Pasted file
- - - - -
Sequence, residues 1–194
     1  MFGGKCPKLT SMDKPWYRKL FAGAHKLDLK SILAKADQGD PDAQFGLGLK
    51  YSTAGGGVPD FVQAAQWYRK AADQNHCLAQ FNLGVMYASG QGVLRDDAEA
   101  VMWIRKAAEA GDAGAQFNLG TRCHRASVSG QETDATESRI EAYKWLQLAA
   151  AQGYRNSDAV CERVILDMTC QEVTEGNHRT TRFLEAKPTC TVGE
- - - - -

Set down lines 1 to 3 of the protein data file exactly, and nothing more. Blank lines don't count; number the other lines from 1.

Sequence, residues 1–194
     1  MFGGKCPKLT SMDKPWYRKL FAGAHKLDLK SILAKADQGD PDAQFGLGLK
    51  YSTAGGGVPD FVQAAQWYRK AADQNHCLAQ FNLGVMYASG QGVLRDDAEA